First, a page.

3. Business Online Safety
Online Business Security
For detailed advice, please refer to the National Cyber Security Centre’s advice for small businesses, which can be found here.
Backup your data
You should identify all your essential data i.e. all information that your business cannot function without. Normally this will be documents, photos, emails, contacts and calendars – most of which are kept in just a few common folders on your computer, phone or tablet or network. It is important to keep your backups separate from your computer. You could consider adopting the ‘3-2-1’ strategy – Three copies of your data on two different mediums that are not always connected to your main network, and one backup offsite.
Patch your systems
For all IT equipment, make sure that software and firmware is always kept up to date. Applying updates is one of the most important things you can do to improve your organisation’s cyber security. Your applications, operating system, programmes and phones should be set to auto update wherever this is an option. If you have ‘legacy’ software (software that is no longer supported by the manufacturer) you should consider replacing it with a modern alternative.
Protect your organisation from malware
Install and turn on antivirus and anti-malware software. Antivirus software – which is often included for free within popular operating systems – should be used on all computers and laptops. Smartphones and tablets may require a different approach.
Protect your mobile devices and tablets
You should only download apps for mobile phones and tablets from manufacturer-approved stores (like Google Play or Apple App Store). These apps are checked to provide a certain level of protection from malware that might cause harm. You should prevent staff from downloading third party apps from unknown vendors/sources, as these will not have been checked. Make sure that you also install anti-virus and anti-malware on your devices where possible.
Principle of least privilege
Staff accounts should only have enough access required to perform their role, with extra permissions (i.e. for administrators) only given to those who need it. When administrative accounts are created, they should only be used for that specific task, with standard user accounts used for general work. By applying the principle of least privilege, if staff with limited access were accidentally to download a malicious file the damage done would be contained. If somebody with full access was to do it, the damage done would be significantly worse.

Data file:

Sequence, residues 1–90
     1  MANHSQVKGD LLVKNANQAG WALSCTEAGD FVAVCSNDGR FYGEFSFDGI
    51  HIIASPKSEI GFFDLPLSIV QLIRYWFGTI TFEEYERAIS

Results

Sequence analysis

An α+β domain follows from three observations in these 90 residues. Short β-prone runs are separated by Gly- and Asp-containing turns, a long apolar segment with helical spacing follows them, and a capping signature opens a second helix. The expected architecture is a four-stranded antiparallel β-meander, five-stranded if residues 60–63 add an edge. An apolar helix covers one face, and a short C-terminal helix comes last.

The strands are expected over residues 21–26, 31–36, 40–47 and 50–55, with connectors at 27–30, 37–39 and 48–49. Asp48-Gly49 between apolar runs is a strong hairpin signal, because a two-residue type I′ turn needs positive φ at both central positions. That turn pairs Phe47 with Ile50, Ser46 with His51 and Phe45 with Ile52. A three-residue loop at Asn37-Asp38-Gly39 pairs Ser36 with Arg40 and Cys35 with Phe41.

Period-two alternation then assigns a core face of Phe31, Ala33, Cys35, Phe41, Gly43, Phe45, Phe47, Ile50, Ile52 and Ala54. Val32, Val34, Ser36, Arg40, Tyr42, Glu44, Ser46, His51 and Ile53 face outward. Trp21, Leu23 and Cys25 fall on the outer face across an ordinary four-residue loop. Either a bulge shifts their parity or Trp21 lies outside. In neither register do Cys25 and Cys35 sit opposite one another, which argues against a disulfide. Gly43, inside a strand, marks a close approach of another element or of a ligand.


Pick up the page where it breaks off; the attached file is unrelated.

Restrict the use of removable media
Ensure that USB port access is blocked, and that if a removable device has to be used it is checked and approved by the company first. If staff members need to transfer data between machines, encourage the use of secure cloud transfer services. It only takes one infected removable device to cause significant damage to an organisation.
For further advice, please refer to the NCSC pages for businesses, charities, clubs and schools here. If you are a larger organisation (250 employees or more with a dedicated IT team) please refer to the large organisation guide here
- Use three random words to create a strong password. A good way to create a strong and memorable password is to use three random words. Numbers and symbols can still be used if needed, for example 3redhousemonkeys27!
- Switch on password protection (screenlock password, PIN or other authentication method)
- Consider using encryption products on your desktop and laptop computers such as Bitlocker (using a Trusted Platform Module with a PIN) or FileVault in order to start up.
- Switch on 2FA (two-factor authentication) for any of your accounts. 2FA requires two different methods to ‘prove’ your identity before you can use a service, generally via a password plus one other method.
- Help your staff avoid ‘password fatigue’ by NOT enforcing regular password changes unless it is suspected a breach has occurred. Another suggestion by the NCSC is to provide secure storage so staff can write down passwords for important accounts (such as email and banking) and keep them safe (but not with the device itself).
- Make sure staff are able to reset their own passwords easily
- Consider the use of password managers
- Make sure that all default passwords are changed on office and network equipment like routers, smartphones, laptops and firewalls.